The American bullfrog is on the list of “100 of the World’s Worst Invasive Alien Species” by the IUCN, the International Union for the Conservation of Nature – a list also highlighting species like zebra mussels, the Nile perch and water hyacinth. In fact, their trade and possession has been banned in some parts of the world, like Europe and Australia. Bullfrogs have been very successful in their new environments.

They are able to thrive because they are voracious and opportunistic predators, and so they can easily adapt to the food resources available which often involve feeding on native species like Red-legged frogs and Pacific tree frogs on Vancouver Island. There is even evidence that Bullfrogs may be immune to natural defenses of prey species, such as the toxicity of newts and stingers of bees or wasps. Their aggressive behaviour has led to declines of endangered amphibians. They do not have any natural predators in B.C. In their native range, they are normally kept in check by large snakes, birds, and even alligators. Female bullfrogs can lay up to 20,000 eggs per season. Many of our native frogs will only produce between 2,000-5,000 eggs and so they become outnumbered quickly. They carry and transmit diseases, like Chytrid fungus, to our at-risk native populations of amphibians, which are important players for cycling nutrients in aquatic ecosystems.

A study conducted by the U.S. Fish and Wildlife Service and others, found that removal of American bullfrogs is the necessary or preferred action in almost all cases for recovery of native frog species, like Northern leopard and Columbia spotted frogs, in the western U.S.


What Can We Do?

DON’T LET IT LOOSE: As humans, we are the number one vector of spread for 

invasive species but we can also play an important role in stopping new invasions and infestations. Making slight changes to some of our behaviours is key to preventing and managing the spread of invasive species. The most important step you can take to prevent the spread of American bullfrogs is to be a responsible pet owner. This means that we understand and accept the responsibility of owning a pet and Don’t Let It Loose to the wild when the pet is longer wanted or can no longer be cared for. Most pets actually don’t survive in the wild as they do not have the proper adaptations to find food sources or detect predators. So before purchasing or adopting any pet, consider how you will take care of it for its entire lifespan. If you are longer able to care for a pet, contact rescue centres or other resources in your community to attempt to re-home your pet. Euthanization of the pet will be the last resort approach to dealing with a pet that can no longer be cared for, which is why it is really important to understand the long-term needs of the pet before ownership. This practice also applies to plants that we may have in our terrariums, aquariums or ponds as well.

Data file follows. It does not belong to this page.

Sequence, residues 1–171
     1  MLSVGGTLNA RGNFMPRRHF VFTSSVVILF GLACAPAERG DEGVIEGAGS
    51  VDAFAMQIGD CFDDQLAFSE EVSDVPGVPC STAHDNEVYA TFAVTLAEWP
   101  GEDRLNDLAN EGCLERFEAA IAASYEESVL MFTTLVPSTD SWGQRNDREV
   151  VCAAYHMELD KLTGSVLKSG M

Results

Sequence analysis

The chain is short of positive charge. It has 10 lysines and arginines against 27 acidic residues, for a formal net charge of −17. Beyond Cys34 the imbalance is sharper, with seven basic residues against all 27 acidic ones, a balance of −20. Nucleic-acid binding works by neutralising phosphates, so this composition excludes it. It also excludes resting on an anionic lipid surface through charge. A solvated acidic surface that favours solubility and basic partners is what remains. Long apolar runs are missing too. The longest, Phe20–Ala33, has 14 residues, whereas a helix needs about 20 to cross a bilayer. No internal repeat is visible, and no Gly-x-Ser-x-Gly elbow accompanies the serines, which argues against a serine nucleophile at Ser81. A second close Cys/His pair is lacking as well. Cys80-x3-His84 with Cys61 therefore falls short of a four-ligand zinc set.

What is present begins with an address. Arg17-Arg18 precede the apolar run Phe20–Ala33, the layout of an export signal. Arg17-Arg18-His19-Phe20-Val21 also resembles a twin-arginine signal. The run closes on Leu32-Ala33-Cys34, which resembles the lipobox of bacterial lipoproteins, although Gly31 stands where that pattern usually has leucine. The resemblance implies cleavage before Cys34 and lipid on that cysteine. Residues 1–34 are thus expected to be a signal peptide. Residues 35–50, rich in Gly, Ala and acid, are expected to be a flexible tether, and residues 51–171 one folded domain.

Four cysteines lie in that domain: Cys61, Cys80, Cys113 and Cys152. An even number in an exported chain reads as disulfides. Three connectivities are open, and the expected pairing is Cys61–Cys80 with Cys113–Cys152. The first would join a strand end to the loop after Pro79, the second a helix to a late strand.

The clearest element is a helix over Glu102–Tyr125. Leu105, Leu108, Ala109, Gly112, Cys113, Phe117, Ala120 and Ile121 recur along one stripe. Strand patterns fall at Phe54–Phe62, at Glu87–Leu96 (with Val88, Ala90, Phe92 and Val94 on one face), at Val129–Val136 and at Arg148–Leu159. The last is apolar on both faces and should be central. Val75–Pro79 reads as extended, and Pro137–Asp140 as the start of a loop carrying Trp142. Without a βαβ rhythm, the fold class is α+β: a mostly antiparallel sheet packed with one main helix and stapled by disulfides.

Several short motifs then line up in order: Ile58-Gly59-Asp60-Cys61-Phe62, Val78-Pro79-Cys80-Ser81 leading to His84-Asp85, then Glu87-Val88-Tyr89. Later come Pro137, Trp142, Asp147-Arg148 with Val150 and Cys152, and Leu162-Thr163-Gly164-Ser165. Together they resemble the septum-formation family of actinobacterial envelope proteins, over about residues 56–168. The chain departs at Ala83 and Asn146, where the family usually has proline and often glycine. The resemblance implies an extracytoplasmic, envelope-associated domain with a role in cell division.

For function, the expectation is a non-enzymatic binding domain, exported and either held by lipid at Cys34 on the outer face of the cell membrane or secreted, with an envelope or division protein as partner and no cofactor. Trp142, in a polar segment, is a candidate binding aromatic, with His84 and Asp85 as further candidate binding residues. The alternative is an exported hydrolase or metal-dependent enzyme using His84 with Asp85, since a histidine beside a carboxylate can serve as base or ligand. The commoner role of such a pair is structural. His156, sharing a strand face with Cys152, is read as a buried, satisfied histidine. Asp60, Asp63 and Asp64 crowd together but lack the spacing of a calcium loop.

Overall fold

REPORT: Report all sightings of invasive species to CSISS on our website, to the Province with their online form or on the ReportInvasive mobile app.


For more information on Bullfrogs and other frogs, check out the BC Frog Watch Program.

For more information on amphibians in B.C., visit here.



Literature and Resources

Columbia Shuswap Invasive Species Society